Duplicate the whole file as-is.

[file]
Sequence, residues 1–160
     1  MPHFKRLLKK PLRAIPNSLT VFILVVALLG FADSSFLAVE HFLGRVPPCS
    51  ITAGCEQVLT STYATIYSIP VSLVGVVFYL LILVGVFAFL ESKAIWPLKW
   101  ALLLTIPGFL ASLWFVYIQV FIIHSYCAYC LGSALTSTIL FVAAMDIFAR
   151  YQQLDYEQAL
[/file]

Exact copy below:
Sequence, residues 1–160
     1  MPHFKRLLKK PLRAIPNSLT VFILVVALLG FADSSFLAVE HFLGRVPPCS
    51  ITAGCEQVLT STYATIYSIP VSLVGVVFYL LILVGVFAFL ESKAIWPLKW
   101  ALLLTIPGFL ASLWFVYIQV FIIHSYCAYC LGSALTSTIL FVAAMDIFAR
   151  YQQLDYEQAL